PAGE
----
We kept finding ourselves magically drawn here - it's a beautiful spot to gaze at the water.
5. Have dinner at Teatterin grilli on Pohjoisesplanadi (main shopping street),
for the food, the decor but most especially for Piipa, the sweet waitress who served us. Piipa was straight from a Disney movie: pixie dust fell from her shoes and bluebirds followed her around the restaurant ... On hearing it was my birthday she offered heartfelt birthday wishes, refilled our champagne in the biggest glasses available and - we discovered when we came to pay the bill - gave it to us on the house.
6. Try to contain your excitement at the Marimekko outlet shop. The address is Kirvesmiehenkatu 7, Helsinki 00880. You can get there by public transport: take the Metro to Herttoniemi, going in the direction of Mellunmaki or Vuosaari (in actual fact, there is only one Metro line, but it bisects after Herttoniemi.) Once you get to Herttoniemi, the Marimekko factory/shop is an easy 1km walk.
7. Find Moomin-decorated mugs, beautiful Iitala ceramics and Alvar Aalto-designed glass at the Arabia factory, north east of the city centre. There's a museum where you can learn about the history of ceramics manufacture in the city and (wait for it) another outlet shop. The number 6 tramline goes all the way to Arabia.
8. Head to Kallio, the former workers' district just north of the centre. Hakaniemi indoor market sells all sorts of Finnish delicacies and has wonderful vintage signs on the roof.
From the market, you can walk west around the little inlet where lots of boats are moored and over to Lake Tooloniahti. If you follow the path around, you'll come to a little wooden house, painted blue. They'll sell you a tea bag and point you to an urn of hot water. You drink your tea looking over the lake and a breathtaking view of the Finlandia concert hall.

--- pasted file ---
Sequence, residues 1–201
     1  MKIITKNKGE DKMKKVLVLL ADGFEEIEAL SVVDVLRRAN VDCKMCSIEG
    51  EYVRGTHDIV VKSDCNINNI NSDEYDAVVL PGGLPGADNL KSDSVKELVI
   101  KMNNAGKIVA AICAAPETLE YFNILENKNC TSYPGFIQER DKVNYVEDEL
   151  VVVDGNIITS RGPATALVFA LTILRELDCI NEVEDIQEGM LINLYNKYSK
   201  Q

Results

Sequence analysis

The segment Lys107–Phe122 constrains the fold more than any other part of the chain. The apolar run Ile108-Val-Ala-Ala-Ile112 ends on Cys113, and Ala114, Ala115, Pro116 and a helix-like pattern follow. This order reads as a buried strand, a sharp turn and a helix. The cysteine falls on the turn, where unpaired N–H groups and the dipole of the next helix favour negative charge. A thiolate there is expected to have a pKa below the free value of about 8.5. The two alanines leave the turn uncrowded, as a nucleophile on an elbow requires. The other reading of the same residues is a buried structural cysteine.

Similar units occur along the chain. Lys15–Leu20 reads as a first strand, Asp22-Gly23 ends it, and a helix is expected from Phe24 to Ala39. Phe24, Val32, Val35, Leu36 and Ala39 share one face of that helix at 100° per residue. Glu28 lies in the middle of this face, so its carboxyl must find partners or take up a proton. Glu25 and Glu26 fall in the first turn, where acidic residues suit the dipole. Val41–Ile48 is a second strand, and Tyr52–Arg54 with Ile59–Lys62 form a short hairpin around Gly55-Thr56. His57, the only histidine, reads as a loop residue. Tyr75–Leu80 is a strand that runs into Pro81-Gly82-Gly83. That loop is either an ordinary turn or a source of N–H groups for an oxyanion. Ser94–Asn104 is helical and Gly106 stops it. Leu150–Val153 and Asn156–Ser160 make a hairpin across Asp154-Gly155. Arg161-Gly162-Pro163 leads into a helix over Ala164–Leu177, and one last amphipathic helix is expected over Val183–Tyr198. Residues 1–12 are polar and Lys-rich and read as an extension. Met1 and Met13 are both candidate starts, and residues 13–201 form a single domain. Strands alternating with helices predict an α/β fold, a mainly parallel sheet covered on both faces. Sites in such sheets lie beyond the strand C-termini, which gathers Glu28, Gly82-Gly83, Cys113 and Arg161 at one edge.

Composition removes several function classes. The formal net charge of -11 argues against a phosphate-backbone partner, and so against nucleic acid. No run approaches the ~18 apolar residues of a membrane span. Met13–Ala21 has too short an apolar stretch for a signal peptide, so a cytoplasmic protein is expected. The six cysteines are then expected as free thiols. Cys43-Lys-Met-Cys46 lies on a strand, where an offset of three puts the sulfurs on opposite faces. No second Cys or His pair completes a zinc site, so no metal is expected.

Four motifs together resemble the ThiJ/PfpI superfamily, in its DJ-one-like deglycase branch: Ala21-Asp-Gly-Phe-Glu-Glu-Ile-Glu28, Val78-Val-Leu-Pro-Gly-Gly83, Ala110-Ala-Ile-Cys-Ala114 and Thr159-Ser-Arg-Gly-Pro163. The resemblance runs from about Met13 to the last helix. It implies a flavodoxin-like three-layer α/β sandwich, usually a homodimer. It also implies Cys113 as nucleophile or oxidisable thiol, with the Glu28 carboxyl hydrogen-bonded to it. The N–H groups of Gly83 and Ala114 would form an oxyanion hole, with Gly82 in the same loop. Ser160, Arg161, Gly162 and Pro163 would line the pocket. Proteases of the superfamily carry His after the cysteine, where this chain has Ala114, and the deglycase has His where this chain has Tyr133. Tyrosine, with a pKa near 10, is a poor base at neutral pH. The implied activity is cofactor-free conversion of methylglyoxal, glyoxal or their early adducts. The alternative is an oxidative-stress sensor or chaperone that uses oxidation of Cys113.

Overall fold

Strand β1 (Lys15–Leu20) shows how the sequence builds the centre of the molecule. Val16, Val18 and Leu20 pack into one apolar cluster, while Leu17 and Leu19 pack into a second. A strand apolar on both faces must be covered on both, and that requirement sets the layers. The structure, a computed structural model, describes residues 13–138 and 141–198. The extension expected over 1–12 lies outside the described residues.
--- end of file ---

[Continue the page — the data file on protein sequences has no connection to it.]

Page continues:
9. Make friends with some locals. Courtesy of some friendly Helsinki natives (Helsinkers?) we were introduced to the most amazing pub in Kallio, run by a delightful Bulgarian called Peter. The decor doesn't appear to have been updated since 1955 and the jukebox (!) certainly hasn't.
I gave my word I wouldn't publish the name of the pub here - and it's true that part of its magic was the serendipitous way we came upon it. My advice is: pick a pub (any pub), getting talking to the natives and you too will find yourself - if not here, then in some equally special place.
10. Visit the thousand-and-one shops specialising in mid-century modern design. Looking for a Scandic sofa, a retro radio, collectable ceramics? You will be spoiled for choice. Prices in the antique/secondhand/vintage shops are not cheap - but they are cheaper than in many other countries.
11. One of the things we truly meant to do but didn't quite manage was to take a trip to Suomenlinna, an island in the harbour with a walled fortress. We did gaze at it from a bench on the mainland and many people we met recommended it. My suggestion would be to go to the main food market in Kauppatori (Market Square), at the eastern end of Pohjoisesplanadi, buy a picnic and then take the ferry to the island.
12. The other thing that we truly meant to do but were unable to do was take a sauna. Our chosen sauna was the Art Deco palace on Yrjonkatu ... but it was very firmly closed - for summer holidays, I think.
We'll just have to try again next time.